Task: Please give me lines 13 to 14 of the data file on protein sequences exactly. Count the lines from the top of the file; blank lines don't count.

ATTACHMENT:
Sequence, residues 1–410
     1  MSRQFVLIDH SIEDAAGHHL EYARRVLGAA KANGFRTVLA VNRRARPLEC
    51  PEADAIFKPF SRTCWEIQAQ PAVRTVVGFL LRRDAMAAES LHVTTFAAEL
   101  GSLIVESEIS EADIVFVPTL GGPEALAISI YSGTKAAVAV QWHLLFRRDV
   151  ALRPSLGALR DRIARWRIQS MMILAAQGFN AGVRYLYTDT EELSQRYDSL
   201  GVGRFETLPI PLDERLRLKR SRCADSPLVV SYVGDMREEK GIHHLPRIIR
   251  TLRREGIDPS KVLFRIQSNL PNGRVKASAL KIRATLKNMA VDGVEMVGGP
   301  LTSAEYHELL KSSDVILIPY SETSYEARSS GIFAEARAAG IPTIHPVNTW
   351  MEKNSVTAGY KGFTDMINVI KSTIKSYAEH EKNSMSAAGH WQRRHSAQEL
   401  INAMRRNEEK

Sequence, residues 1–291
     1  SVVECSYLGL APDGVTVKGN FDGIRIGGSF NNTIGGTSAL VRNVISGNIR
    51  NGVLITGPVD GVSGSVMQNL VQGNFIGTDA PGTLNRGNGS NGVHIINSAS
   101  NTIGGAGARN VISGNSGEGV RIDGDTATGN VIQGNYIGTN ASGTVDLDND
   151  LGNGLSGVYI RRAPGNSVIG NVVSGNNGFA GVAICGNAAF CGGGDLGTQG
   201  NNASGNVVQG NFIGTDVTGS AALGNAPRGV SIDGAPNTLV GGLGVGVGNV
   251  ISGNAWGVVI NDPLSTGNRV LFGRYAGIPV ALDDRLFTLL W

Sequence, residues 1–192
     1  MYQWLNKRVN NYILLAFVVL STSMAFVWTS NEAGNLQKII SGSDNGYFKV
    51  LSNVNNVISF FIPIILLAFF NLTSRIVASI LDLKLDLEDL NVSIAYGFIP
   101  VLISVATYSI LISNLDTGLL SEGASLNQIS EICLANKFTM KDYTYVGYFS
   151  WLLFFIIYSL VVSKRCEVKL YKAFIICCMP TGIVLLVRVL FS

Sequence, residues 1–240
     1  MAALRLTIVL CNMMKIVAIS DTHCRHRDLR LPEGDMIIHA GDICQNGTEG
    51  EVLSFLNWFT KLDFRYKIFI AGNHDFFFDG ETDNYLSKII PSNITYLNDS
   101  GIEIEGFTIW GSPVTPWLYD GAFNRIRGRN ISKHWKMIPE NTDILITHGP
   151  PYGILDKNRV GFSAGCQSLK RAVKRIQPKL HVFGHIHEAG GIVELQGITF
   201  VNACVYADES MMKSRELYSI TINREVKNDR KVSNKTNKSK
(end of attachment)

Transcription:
    51  NGVLITGPVD GVSGSVMQNL VQGNFIGTDA PGTLNRGNGS NGVHIINSAS
   101  NTIGGAGARN VISGNSGEGV RIDGDTATGN VIQGNYIGTN ASGTVDLDND